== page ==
- The Washington Times - Saturday, June 2, 2007

Several men were charged today with plotting to destroy New York’s John F. Kennedy International Airport (JFK) by planting explosives to blow up massive jet-fuel supply tanks and a 40-mile pipeline.

The arrests include Russell Defreitas, a Brooklyn resident who was born in Guyana and a former airport cargo worker. Trinidad officials arrested Kareem Ibrahim, a Trinidad citizen, and Abdul Kadir, a former member of the Guyanese parliament. A fourth suspect still at large has been identified as Abdel Nur, a Guyanese national.

Roslynn Mauskopf, U.S. Attorney for the Eastern District of New York, called it “one of the most chilling plots imaginable.”

In a recorded conversation following one of the surveillance missions to JFK airport, “Mr. Defreitas predicted that the attacks would result in the destruction of ‘the whole of Kennedy,’ that only a few people would survive the attack, and that because of the location of the targeted fuel pipelines, part of Queens would explode,” the criminal complaint said.

The arrests were made Friday night following a five-month investigation by the Joint Terrorist Task Force, and the men were charged today with conspiring to attack JFK airport by planting explosives to blow up the airport’s major jet-fuel supply tanks and the Buckeye Pipeline.

The airport handles 1,000 flights per day, nearly half of which are international. Each year, approximately 45 million passengers and more than 1.5 million tons of cargo with an estimated value of $120 billion move through JFK.

The Buckeye Pipeline distributes fuel and other petroleum products to sites in Pennsylvania, New Jersey and the New York boroughs of Staten Island, Brooklyn, and Queens.

Officials say the plot was foiled long before it could come to fruition and the public was never at risk.

According to the criminal complaint, the men began plotting in January to “destroy buildings, fuel tanks, and fuel pipelines at JFK airport with explosives.”

U.S. authorities say the men obtained satellite photographs of the airport and surrounding facilities from the Internet and traveled frequently between the United States, Guyana, and Trinidad to discuss their plans and solicit the financial and technical assistance of others.

The plot was presented to radical groups in South America and the Caribbean, including senior leadership of Jamaat Al Muslimeen (JAM), which was responsible for a deadly coup attempt in Trinidad in 1990.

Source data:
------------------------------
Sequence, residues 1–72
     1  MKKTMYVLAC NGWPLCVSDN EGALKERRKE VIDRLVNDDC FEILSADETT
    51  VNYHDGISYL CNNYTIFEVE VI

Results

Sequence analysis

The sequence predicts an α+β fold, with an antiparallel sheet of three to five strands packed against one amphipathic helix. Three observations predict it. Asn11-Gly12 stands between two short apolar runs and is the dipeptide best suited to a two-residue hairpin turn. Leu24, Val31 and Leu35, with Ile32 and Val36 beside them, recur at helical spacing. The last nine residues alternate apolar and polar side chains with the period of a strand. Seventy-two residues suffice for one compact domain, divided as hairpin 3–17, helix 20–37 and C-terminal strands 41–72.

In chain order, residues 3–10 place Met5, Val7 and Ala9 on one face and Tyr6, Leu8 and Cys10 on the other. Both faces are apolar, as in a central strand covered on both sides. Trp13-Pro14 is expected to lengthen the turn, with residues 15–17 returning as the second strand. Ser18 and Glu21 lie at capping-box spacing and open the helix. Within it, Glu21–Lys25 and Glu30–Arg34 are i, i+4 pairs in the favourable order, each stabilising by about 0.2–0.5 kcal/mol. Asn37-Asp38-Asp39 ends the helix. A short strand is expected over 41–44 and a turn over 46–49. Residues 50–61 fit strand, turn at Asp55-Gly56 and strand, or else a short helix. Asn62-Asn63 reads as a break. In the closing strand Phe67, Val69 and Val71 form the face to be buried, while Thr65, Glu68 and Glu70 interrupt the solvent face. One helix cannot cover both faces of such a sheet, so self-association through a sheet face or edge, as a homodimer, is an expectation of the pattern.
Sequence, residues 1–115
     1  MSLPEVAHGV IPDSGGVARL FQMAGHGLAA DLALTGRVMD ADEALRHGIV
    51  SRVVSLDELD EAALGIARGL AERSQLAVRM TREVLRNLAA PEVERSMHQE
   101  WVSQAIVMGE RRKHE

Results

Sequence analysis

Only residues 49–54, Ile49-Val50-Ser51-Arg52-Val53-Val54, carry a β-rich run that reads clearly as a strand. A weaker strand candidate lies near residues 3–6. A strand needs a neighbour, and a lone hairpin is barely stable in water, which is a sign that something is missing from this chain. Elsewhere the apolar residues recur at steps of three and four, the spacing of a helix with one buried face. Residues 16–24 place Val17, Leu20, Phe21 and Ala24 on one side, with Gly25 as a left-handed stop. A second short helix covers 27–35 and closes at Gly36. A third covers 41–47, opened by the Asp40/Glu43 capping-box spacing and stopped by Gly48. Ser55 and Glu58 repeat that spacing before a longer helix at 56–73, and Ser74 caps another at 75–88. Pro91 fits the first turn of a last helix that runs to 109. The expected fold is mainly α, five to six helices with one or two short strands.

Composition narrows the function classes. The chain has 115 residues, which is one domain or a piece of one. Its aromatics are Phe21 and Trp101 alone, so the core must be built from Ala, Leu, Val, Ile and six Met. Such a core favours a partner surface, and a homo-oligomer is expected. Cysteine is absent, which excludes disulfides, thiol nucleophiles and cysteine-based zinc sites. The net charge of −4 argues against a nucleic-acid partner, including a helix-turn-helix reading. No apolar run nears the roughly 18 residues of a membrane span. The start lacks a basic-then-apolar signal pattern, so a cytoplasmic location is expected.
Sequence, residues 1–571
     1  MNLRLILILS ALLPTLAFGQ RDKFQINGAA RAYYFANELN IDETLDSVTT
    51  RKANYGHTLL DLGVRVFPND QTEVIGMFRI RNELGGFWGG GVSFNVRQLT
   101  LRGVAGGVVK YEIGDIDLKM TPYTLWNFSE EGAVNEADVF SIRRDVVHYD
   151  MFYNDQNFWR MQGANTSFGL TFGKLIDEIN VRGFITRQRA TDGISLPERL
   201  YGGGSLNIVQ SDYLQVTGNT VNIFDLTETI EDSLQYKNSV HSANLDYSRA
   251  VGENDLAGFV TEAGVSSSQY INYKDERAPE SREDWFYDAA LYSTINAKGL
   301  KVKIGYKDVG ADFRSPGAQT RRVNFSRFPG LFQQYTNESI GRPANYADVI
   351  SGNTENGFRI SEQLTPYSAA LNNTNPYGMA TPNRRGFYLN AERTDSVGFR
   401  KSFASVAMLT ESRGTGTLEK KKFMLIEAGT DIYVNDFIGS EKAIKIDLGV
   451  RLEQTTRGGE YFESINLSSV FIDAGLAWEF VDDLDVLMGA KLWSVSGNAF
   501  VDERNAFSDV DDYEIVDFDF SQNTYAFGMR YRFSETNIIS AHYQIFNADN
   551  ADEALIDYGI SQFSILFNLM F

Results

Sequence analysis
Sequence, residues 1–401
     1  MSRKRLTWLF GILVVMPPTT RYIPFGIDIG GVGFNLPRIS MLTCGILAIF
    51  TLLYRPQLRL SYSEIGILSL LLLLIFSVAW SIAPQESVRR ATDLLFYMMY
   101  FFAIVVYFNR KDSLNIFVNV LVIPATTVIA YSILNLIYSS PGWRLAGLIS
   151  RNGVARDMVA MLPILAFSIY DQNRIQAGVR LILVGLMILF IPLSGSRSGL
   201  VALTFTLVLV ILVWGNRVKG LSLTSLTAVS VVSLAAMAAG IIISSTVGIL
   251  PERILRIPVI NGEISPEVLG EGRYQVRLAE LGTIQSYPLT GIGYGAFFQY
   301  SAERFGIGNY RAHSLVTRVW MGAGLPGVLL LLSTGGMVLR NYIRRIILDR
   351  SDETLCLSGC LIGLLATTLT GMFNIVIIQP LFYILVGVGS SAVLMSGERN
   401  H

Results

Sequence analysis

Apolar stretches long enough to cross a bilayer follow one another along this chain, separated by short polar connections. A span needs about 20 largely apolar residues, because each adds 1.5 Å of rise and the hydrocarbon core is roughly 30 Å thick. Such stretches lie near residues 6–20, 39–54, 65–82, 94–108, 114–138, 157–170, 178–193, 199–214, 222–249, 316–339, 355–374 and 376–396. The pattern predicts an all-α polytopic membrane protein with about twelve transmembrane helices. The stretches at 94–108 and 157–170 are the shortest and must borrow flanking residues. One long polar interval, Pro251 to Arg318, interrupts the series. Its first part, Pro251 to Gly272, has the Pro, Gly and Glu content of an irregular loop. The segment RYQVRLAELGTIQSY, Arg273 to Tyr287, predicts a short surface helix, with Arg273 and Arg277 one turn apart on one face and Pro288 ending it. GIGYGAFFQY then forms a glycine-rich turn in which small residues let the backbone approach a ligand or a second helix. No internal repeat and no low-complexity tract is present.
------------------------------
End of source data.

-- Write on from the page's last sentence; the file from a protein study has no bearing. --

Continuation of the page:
Mr. Kadir and Mr. Nur “were longtime associates of JAM leaders,” the complaint said.

“The defendants sought to combine an insider’s knowledge of JFK Airport with the assistance of Islamic radicals in the Caribbean to produce an attack that they boasted would be so devastating to the airport that ‘even the Twin Towers can’t touch it,’” said Kenneth L. Wainstein, assistant attorney general for national security.

An informant working with law enforcement agents began monitoring the plot in its early stages and made numerous recordings. In one discussion, authorities said, Mr. Defreitas said JFK Airport holds symbolic importance for Americans.

“Anytime you hit Kennedy, it is the most hurtful thing to the United States. To hit John F. Kennedy, wow … They love John F. Kennedy like he’s the man … If you hit that, this whole country will be in mourning. It’s like you can kill the man twice,” the complaint quoted him as saying, adding that he also bragged last month that the plot “can destroy the economy of America for some time.”

The men plotted to disable the airport control tower monitors at the fuel tank locations and ignite two explosions to provide enough oxygen to ignite the inner tank.

“The defendants are charged with conspiring to bomb one of the busiest airports in the United States, located in one of the most densely populated areas in the Northeast. Had the plot been carried out, it could have resulted in unfathomable damage, deaths, and destruction,” Miss Mauskopf said.

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